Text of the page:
US plant-based protein business Beyond Meat has suggested its cost-cutting programme is starting to have an impact.

Last October, the company set out plans to reduce costs, moves that included cutting hundreds of jobs, in a bid to improve its profitability amid pressure on sales.

Speaking to analysts after the release of its first-quarter results yesterday (10 May), company founder and CEO Ethan Brown said: “Though we have much heavy lifting left to do, we are seeing tangible progress.”

Alongside the results, Beyond Meat revealed plans to raise as much as $200m in an equity offering. The proceeds will be used for “general corporate and working capital purposes”, it said.

Net revenues for the period were $92.2m, 15% down year-on-year, but an adjusted EBITDA loss of $45.8m was an improvement on the $78.9m loss the California-based business booked a year previously.

Brown said: “Late last year, we articulated a strategy to drive Beyond Meat to cash-flow positive operations and sustainable long-term growth. We are pleased to report strong progress for the second full quarter of this strategy. Cash use and net loss are substantially improved on a sequential and year-over-year basis, gross margin is up on a sequential and year-over-year basis and we delivered net revenues consistent with guidance. We remain focused on our strategy and committed to pursuing our vision of transforming the $1.4trn global meat industry.”

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However, the company admitted “most markets and channels were negatively impacted by continued softness in demand in the plant-based meat category”.

In February, Beyond Meat revealed it had burnt through more than $400m in cash in 2022 as it sought to revive volumes with price reductions.

Yesterday, it revealed it had experienced a year-on-year 7.3% decrease in volumes of products sold but Brown told analysts it intended to pursue its goals of reducing the price of its products and stripping costs out of the business.

“We will continue to apply intense focus on margin restoration through cost reduction versus raising prices as we pursue our long-standing price parity target with animal protein,” he said.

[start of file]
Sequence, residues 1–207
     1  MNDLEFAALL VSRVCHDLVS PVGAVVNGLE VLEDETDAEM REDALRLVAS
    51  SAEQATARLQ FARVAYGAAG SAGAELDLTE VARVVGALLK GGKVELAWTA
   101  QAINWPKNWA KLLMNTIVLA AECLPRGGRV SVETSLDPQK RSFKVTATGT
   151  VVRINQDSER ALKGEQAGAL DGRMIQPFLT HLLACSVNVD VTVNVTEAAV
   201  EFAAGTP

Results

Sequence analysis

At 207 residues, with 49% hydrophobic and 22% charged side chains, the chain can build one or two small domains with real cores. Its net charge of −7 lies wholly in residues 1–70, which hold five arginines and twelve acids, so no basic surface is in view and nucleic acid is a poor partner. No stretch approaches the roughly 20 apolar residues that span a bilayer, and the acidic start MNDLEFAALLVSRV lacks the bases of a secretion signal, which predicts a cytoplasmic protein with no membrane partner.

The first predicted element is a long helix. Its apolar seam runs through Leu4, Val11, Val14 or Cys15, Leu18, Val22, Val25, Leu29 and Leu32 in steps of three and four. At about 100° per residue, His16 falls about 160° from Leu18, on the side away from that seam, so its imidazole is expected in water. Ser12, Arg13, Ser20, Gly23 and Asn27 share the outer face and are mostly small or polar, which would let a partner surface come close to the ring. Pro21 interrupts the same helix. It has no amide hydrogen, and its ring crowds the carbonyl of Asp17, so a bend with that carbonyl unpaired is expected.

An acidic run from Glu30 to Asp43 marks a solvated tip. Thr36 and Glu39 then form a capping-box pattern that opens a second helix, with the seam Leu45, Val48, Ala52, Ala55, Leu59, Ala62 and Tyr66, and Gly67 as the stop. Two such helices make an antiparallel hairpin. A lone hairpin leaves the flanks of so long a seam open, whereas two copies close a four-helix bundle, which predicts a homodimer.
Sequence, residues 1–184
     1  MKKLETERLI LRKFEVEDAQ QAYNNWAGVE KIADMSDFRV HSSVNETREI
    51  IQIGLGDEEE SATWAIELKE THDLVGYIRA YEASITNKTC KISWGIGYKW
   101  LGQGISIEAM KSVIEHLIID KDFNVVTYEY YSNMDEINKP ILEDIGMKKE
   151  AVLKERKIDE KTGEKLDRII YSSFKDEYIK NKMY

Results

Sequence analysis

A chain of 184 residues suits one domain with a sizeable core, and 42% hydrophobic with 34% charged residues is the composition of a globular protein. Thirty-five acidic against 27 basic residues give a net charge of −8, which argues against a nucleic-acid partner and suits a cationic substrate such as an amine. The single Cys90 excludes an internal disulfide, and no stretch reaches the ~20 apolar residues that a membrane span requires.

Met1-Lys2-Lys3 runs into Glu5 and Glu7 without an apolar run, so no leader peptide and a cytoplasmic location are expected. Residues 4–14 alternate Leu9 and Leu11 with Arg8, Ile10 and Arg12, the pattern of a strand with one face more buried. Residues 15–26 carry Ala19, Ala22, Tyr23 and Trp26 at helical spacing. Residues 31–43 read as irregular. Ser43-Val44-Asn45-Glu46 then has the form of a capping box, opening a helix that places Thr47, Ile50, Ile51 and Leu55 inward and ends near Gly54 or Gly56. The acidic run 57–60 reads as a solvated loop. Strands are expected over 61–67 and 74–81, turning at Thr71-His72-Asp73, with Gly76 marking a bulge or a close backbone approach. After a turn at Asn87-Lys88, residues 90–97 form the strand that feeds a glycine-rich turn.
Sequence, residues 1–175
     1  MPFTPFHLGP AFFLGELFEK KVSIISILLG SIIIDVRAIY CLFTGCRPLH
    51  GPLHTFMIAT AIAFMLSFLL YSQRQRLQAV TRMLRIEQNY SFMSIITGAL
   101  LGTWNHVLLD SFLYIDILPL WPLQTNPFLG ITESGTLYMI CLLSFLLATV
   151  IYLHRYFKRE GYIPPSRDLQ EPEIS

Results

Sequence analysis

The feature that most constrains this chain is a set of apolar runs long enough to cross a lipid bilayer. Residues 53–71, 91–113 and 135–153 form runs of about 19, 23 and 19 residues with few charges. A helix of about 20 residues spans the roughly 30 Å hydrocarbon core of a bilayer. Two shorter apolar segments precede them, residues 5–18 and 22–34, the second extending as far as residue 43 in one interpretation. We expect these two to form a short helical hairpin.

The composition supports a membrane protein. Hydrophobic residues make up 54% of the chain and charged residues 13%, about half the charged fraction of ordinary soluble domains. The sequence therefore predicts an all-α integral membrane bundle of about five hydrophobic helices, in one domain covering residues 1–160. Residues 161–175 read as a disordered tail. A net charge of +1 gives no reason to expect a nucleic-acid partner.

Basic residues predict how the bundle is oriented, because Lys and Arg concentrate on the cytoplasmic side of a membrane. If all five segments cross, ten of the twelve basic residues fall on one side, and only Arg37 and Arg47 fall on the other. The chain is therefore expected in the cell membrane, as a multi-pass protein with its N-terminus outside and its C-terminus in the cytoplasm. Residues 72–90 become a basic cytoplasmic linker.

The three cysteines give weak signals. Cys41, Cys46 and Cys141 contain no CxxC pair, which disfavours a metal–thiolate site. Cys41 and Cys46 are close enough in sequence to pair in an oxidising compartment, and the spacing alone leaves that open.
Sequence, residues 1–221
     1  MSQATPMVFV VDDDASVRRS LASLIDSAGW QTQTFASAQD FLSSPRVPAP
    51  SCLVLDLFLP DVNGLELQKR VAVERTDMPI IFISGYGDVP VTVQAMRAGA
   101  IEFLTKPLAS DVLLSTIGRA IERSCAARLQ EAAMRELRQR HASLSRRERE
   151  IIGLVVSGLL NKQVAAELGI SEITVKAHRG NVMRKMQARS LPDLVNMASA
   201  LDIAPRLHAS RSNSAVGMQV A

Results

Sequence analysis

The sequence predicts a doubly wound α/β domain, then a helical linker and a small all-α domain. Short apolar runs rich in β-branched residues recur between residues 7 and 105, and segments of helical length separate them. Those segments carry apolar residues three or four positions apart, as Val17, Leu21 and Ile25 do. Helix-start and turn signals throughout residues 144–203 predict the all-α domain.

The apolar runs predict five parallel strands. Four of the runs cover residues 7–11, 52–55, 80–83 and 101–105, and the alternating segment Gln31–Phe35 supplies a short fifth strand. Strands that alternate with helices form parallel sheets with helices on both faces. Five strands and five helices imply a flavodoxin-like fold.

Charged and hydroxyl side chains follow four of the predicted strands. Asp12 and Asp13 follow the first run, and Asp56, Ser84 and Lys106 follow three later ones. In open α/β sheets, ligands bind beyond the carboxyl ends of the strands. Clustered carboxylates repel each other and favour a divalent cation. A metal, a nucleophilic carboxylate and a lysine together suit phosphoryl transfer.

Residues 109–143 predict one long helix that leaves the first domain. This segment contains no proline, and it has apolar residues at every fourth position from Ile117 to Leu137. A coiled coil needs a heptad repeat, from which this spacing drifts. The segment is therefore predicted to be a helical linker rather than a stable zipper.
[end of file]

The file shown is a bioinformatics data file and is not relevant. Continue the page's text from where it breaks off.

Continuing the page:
“We continue to evaluate strategic pricing actions to further test elasticities as we seek to narrow the gap between our products and animal protein.”

On taking costs out of the business, Brown said: “The company is focused on the deployment of lean management structure and process to drive cost out of our operations. We continue to rationalise our production network.

“We are bringing the overall cost of business operations down, taking out approximately $34m for a total opex [operational expenditure] reduction of 35% year over year. Alongside this reduction in operating expenses, our team continues to focus on sweating existing assets, reducing our need for new investment.”

Brown also revealed the company is launching the Better with Beyond marketing programme “that highlights the great taste and health benefits of our products while celebrating our clean and sustainable process”.

He added: “This messaging continues to be a critical point of engagement with the consumer as there remains confusion around what we make our plant-based products from and how we make them. Setting the record straight is a key part of getting consumers back to the category.”

CFO Lubi Katua told analysts Beyond Meat continues to expect net revenues to be in the range of $375m to $415m in 2023, representing a decrease of approximately 10% to 1% compared to 2022.

He said the company recognises “that there is still much work to do as our absolute top-line results and category trends continue to reflect demand weakness amid broader macro-economic headwinds”.

Bernstein analyst Alexia Howard said the results had come through “slightly better than expected” but cautioned that the business “was not out of the woods yet”.